The knowledge of some things as a function of age is a delta function.

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anonimnystefy wrote:

nwSIWA5lP/XUVOy5CcI8rxESf4JI0CCoSjc=

khnMHBhvOfSBbv2+E4YrpR4bM5obky6pBn/AOYw0nX56Yc5bvQ==

'God exists because Mathematics is consistent, and the devil exists because we cannot prove it'

'But our love is like the wind. I can't see it but I can feel it.' -A Walk to remember

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**auyeungyat****Member**- Registered: 2013-09-23
- Posts: 22

yes,I want a Terminal code.Thank you!

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Hi;

What do you want a terminal code for?

If you're on mac, you probably already have python.

I have never used a mac, I do not know about the mac terminal. Still, I believe that I could help if I knew what code you need

'God exists because Mathematics is consistent, and the devil exists because we cannot prove it'

'But our love is like the wind. I can't see it but I can feel it.' -A Walk to remember

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**danaj****Member**- Registered: 2014-03-03
- Posts: 27

I'm not sure if I should post, (1) it is somewhat necro-posting, (2) there seems to be another conversation going on about DH, and (3) I type way too much. But regarding generating large primes, this is a good paper about generating n-bit random primes: "Close to Uniform Prime Number Generation With Fewer Random Bits" by Fouque and Tibouchi available at eprint.iacr.org/2011/481. For crypto, you may want to also look at FIPS 186-4.

PRIMEINC: generate a random number in the range, run next_prime on it. Simple and fast, but bad distribution.

Trivial: Aka Monte Carlo method as in post 3. Perfectly uniform, but uses excessive randomness and is very slow for large sizes. A comment about the post 3 code: for sizes over 2 bits, you'd want to take n-2 random bits and then set bits n-1 and 0 -- there is no need to waste time and entropy testing even numbers. A well written test will return almost instantly, but you wasted time getting all those bits -- if you're on an isolated headless server using /dev/random you may wait hours to get the next set.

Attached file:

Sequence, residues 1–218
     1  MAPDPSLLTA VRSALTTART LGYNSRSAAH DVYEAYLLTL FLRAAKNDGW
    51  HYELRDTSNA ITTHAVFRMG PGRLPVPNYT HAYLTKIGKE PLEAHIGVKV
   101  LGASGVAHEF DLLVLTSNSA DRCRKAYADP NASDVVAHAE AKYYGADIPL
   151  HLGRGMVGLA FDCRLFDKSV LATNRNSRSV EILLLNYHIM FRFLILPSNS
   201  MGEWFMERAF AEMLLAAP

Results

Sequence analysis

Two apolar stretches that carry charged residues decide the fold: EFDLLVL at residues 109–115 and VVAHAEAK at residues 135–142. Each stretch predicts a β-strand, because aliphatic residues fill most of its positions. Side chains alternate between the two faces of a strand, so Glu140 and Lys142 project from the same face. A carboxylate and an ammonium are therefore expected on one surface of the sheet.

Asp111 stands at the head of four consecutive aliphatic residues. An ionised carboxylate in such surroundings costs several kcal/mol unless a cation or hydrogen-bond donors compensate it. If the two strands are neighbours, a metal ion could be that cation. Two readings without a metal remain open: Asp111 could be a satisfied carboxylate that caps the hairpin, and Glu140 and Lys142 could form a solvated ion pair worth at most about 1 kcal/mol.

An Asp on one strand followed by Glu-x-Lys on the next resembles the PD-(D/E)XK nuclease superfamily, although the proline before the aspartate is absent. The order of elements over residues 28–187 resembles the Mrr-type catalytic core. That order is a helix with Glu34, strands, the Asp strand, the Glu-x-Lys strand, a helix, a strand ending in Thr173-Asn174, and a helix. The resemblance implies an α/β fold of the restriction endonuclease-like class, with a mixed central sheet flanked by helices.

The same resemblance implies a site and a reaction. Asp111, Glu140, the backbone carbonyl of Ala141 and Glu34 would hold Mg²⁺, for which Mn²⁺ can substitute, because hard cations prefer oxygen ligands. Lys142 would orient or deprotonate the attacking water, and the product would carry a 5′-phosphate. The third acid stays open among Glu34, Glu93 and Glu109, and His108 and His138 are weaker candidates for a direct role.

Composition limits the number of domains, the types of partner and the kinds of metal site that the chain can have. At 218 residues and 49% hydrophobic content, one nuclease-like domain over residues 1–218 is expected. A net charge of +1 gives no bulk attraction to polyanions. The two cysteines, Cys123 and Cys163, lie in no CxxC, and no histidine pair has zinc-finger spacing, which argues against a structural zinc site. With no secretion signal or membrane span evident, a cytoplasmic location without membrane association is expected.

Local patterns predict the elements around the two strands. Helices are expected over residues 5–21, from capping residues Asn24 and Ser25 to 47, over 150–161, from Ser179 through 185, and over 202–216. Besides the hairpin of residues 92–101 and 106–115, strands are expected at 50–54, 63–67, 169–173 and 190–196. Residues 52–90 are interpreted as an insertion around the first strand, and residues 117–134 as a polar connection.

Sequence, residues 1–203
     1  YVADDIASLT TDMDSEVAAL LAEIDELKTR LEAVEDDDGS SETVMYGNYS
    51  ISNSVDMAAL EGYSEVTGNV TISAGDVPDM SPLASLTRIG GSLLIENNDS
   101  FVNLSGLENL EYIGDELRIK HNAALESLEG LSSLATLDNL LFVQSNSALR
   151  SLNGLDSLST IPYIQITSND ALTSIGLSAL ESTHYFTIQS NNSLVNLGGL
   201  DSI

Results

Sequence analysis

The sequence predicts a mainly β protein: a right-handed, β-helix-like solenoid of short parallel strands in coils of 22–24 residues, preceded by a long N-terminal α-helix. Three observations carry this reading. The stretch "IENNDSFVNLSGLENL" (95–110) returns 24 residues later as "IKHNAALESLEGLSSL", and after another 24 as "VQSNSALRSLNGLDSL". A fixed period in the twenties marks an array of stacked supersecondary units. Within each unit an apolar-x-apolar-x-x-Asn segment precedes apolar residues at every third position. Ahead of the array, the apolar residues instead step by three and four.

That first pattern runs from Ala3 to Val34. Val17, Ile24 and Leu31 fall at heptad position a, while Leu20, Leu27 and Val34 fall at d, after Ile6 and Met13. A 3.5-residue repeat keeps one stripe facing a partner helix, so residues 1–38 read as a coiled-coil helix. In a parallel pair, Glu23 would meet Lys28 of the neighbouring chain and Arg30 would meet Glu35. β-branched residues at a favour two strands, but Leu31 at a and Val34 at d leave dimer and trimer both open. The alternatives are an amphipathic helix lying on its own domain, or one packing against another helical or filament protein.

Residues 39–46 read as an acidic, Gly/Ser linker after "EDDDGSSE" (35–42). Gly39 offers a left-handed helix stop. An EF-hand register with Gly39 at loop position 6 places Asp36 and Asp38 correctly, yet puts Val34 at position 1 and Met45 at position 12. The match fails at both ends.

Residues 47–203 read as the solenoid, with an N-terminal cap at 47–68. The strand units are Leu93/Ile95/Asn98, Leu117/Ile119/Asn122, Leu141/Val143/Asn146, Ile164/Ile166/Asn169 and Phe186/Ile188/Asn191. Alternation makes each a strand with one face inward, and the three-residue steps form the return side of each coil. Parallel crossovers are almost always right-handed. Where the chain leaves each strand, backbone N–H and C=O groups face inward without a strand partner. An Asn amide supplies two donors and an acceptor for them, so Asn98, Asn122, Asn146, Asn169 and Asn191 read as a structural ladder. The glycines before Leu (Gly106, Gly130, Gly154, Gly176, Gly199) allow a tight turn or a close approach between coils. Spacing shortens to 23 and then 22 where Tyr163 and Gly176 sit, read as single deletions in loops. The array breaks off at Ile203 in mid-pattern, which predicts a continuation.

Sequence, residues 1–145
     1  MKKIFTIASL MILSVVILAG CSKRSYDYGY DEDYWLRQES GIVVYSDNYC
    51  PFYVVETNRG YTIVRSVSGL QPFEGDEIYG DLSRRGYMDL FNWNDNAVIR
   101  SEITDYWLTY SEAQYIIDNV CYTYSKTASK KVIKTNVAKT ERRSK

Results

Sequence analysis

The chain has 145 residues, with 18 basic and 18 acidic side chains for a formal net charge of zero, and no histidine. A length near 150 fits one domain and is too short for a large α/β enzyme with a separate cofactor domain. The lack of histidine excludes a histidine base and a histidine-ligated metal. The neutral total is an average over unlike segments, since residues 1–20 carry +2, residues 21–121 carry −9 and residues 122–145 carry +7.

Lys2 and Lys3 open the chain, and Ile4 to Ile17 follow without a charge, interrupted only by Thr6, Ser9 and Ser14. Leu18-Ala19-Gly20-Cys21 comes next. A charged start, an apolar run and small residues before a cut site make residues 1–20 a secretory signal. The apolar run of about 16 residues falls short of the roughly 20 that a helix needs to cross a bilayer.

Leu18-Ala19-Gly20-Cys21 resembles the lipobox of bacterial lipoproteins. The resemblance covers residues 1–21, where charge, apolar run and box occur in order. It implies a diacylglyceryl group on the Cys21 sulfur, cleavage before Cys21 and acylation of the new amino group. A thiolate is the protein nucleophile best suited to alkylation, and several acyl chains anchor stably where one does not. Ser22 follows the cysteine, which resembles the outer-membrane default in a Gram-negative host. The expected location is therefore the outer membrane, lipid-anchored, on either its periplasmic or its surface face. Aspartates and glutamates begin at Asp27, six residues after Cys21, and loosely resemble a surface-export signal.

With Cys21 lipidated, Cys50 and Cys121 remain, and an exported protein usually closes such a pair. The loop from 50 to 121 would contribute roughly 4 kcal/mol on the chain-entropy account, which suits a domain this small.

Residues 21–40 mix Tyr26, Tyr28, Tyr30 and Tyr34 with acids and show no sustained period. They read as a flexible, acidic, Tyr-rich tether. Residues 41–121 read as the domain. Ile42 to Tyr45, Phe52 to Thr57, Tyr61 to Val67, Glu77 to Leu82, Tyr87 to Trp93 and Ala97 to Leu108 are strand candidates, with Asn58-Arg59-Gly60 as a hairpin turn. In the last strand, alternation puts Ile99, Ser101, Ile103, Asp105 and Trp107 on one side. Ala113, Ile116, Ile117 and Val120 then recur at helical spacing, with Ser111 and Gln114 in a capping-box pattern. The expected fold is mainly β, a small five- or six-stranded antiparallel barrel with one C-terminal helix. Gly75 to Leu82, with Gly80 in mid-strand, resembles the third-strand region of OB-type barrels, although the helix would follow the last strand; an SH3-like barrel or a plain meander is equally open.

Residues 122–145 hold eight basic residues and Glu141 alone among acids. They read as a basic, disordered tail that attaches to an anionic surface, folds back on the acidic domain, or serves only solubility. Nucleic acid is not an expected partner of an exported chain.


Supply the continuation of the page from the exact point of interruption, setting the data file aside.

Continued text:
Modified: Methods like Fouque and Tibouchi A1 or A2; Joye-Paillier, etc. I use a somewhat similar method for odd ranges (e.g. for ranges not a power of 2). These sacrifice some uniformity for big increases in speed and less entropy consumption. (the entropy consumption may or may not matter to you, but sometimes it is important).

Provable primes, typically Shawe-Taylor or Maurer's FastPrime. Common for crypto use. You can find Shawe-Taylor in FIPS 186-4; Maurer's algorithm in his publicly available paper, Menezes's book, or various open source implementations. These work by generating a small random prime using the trivial method, then generating a larger one by iterating with additional random input until proven with either Pocklington or its improved version from BLS theorem 3. Then recurse to make successively larger primes. They only generate a subset of the primes in the range (10% for Maurer's FastPrime, substantially less for Shawe-Taylor) but that typically doesn't matter.

openssl or other software. Good and bad. OpenSSL likely doesn't make some mistakes you may make. But you have to make sure your platform has a recent version, your program actually calls the right executable, you send it the right arguments, you interpret the output and exceptions properly, you're ok with its decisions on randomness sources, you're OK with it not meeting FIPS 186-4 standards for primality testing, and know it is slower for sizes > 1024 than what can be done with GMP meeting the standards.

There are lots of other considerations. E.g. where are you getting your randomness? Are you using a good enough primality test for your purpose? Do you need provable primes? Strong primes? Writing your own code is fun, but may have bugs -- do lots of testing.

Whether these are "quick" or not depends on the size, which method you choose, your implementations, and what you think quick means. For 1024-bit primes, my older machine using Perl code generates them in 0.06s each (F&T algorithm 1, ISAAC seeded from /dev/random, BPSW + 1 M-R probable primes). Add 0.006s for 3 additional random M-R plus a Frobenius test. Add not much more for enough extra M-R tests to make FIPS 186-4 happy. For smaller sizes sometimes running a primality proof on the n-bit prime is faster than a constructive method, but your mileage may vary. At 1024 bits, my Maurer routine takes 0.65s, while Shawe-Taylor using FIPS 186-4 + SHA256 takes 0.24s. The generation code is in Perl so it could be faster, but the heavy work ends up being in C+GMP.